2010 continued: Now, the lows

We should have gone to Crete. That’s how we’re going to remember Christmas 2010.

Huh???

Ok, let me go back a bit. Or a lot. Unfortunately, I can’t simply write up a breezy little bulleted list with pretty photos to convey our low points. Perhaps that’s because in the last few months they’ve seemed to us more like long low stretches that fill up the space between th0se sparkly discrete points that are our vacations and visits with friends.

In other words, day-to-day life in Paris lately has been a real slog.

The expression I used in one of my rare 2010 posts sums it up: Metro, Boulot, Dodo. Far too many evenings spent flaked out in front of the TV or some torrent, trying to forget work and the growing pile of paperasserie on the desk. Really, is this so different from being a wage slave anywhere else in the western world?

Obviously, we needed to change, to find our Systeme D (for Débrouillard: resourceful) which everyone  insists is the Secret for Surviving in France.

It seemed like such a good idea at the time

Anyways, amongst the usual stuff–look for new work, eat better, exercise more, find new work,  yadda, yadda, yadda…. one of my brilliant ideas was to go skiing over the holidays in Austria. I still had 5 flex days I needed to use up by the end of the year, since our planned off-season holiday in Crete for November had fallen though. We both love to ski, we craved fresh air & open space,  and we were looking for something different after two years in a row of Christmas in HerrKaa’s quiet hometown in Germany.

Have you ever tried to book a Christmas holiday with less than a month lead time? And to go to a country that eschews credit cards? Let’s just say the travel arrangements did not bring on the Christmas cheer.

Then we got caught up in the snow-chaoas that hit Europe just before Xmas. Our 2 hour flight out of Paris was delayed 3 hours, which in turn sent off a chain reaction of missed connections so that instead of celebrating Christmas at the 4-star hotel with 5-course supper I’d reserved at the resort, we were in a dark, deserted motel in an industrial suburb of Salzburg, beside a highway and across the street from a gas station. And we were extremely lucky compared to those poor sods camping in freezing tents outside of Heathrow.

Stranded bags in Vienna airport

But the next day we made it to the resort easily enough, found our rental condo and got our rental skis, huffing & puffing a bit at the unaccustomed elevation (the village is at 1800 m). Alas, we had barely started to relax when after lunch on Day 2, I over-ambitiously suggested skiing off piste in the powder. Within seconds Snap! went the anterior cruciate ligament in my left knee and with it all hopes for a relaxing week of shushing in the snow and Austrian après-ski.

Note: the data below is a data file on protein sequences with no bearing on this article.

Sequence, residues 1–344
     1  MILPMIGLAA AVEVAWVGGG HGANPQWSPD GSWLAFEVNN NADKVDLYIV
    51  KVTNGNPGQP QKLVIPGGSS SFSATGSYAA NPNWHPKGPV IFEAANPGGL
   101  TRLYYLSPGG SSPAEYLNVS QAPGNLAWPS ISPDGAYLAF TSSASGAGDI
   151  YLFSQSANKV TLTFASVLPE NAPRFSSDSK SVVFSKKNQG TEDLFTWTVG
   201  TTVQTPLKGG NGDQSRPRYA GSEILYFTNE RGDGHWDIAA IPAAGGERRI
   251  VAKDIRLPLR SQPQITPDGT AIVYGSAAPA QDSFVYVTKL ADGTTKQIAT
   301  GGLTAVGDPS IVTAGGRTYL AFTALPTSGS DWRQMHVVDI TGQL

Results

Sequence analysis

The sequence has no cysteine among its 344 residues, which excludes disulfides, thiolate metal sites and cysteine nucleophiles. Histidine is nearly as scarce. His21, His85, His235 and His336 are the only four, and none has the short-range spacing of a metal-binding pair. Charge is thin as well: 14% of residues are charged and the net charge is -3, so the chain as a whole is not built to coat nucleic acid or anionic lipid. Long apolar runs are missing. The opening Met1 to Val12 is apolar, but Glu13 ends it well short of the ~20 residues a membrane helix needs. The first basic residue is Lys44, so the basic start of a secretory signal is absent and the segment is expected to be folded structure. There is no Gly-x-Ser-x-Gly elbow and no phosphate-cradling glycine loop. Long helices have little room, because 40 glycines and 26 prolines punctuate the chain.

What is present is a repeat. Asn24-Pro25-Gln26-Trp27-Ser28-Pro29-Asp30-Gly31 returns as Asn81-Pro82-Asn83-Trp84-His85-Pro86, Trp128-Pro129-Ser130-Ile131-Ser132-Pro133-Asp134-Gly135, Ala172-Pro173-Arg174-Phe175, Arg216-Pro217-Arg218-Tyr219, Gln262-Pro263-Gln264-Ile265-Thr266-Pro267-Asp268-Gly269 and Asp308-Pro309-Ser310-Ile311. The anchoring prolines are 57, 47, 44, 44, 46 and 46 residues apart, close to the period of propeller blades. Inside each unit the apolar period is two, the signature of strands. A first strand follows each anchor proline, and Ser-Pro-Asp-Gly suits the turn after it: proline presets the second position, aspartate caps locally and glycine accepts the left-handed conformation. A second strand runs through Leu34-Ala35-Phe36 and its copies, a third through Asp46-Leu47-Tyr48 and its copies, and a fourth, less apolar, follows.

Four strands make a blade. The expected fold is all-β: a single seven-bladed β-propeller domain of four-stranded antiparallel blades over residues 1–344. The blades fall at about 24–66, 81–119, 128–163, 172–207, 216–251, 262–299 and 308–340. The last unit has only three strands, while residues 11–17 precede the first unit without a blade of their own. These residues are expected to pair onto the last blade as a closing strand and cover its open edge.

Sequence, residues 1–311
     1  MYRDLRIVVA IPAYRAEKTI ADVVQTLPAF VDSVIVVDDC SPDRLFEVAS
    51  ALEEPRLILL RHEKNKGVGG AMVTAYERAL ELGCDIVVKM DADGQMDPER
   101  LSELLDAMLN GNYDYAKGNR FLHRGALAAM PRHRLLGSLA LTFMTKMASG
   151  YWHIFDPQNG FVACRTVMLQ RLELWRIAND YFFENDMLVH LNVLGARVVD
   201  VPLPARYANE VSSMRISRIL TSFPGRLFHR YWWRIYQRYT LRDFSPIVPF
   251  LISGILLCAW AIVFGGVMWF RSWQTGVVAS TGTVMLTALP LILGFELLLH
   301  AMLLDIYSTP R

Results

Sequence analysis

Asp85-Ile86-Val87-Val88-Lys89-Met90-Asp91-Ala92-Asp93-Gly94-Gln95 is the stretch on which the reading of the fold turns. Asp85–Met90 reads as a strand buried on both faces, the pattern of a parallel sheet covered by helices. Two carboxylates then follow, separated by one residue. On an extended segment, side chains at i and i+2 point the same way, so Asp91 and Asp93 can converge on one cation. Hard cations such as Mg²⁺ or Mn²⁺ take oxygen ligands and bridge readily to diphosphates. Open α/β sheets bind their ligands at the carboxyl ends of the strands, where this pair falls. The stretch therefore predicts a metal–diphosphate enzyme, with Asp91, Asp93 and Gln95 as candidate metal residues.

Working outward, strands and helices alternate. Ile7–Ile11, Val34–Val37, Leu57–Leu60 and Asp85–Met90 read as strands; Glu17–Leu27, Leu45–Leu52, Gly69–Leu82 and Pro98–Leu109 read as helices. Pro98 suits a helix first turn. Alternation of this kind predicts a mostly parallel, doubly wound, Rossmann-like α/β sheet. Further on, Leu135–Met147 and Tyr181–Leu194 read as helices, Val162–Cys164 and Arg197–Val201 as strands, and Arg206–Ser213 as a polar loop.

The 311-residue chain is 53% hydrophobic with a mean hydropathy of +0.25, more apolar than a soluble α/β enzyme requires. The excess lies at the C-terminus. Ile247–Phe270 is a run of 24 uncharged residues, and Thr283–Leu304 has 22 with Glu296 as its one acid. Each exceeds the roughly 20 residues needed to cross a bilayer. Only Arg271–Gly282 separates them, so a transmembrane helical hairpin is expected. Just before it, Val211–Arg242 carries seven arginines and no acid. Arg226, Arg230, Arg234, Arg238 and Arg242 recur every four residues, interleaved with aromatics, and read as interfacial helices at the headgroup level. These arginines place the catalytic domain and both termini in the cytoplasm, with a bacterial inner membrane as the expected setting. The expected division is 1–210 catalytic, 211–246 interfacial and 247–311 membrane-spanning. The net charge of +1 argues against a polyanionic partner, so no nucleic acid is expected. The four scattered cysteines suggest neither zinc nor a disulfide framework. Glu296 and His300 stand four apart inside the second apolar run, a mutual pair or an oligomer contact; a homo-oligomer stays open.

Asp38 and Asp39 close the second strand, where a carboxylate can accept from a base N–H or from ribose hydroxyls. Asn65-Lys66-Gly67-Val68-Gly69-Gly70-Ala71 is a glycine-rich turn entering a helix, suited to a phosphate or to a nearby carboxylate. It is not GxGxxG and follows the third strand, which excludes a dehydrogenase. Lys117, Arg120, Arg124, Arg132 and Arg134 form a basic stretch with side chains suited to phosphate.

So the rest of the week was a whir of pre-op, op, and post-op activities in the company of brusquely efficient Teutonic nurses.

How I spent my Christmas Vacation

HerrKaa did manage a few hours of skiing each day but spent the rest of  the time being my nursemaid. And on top of it all, he developed a tooth infection around the same time I had surgery so by the end of the week we were both in pretty rough shape,  swollen and feverish and haggard.

Homeward bound

And then, after a week of No New Snow, the Sunday we headed back to the airport there was a blizzard – the kind where the police shut the roads because of all the vacationers who drive in summer tires without chains to a ski resort at 1800 m, and who were now strewn along the snowy banks of the highway like metallic beached whales.

Snow tires are for wussies

Thus our 20 min taxi trip stretched to over an hour and was late connecting with the airporter bus, already 3/4 full of passengers worried about missing their flight. The minute we boarded, the anxious driver gunned it. Suddenly I was thrown sideways with all my weight on my bad leg and then backwards onto an elderly German couple.

But soon knee panic was overtaken by sheer panic: I don’t know what these poor drivers are threatened with if they’re late, but the snow had created a traffic jam on the Autobahn so  the driver first switched to a twisty moutainside secondary road. He kept asking passengers for updates on the Autobahn, which was just visible on the other side of the valley. The little tyke sitting in front of me quickly became bus-sick.

Then back on the Autobahn, we hit another traffic jam whereupon he simply drove this massive coach full-speed along the shoulder, prompting righteous Austrian drivers to deliberately drive into the shoulder ahead of him as a as a blatant reprimand. As the coach would approach,the hatchback he was about to pass would edge closer to the shoulder line….Ugh ugh ugh. HerrKaa reminded me to use my good leg to brace in case of impact.

Why did I suggest skiing over Xmas? And why in far-off Austria when there are so many resorts in France? Hell, what was wrong with a nice cold Christmas at home in Paris?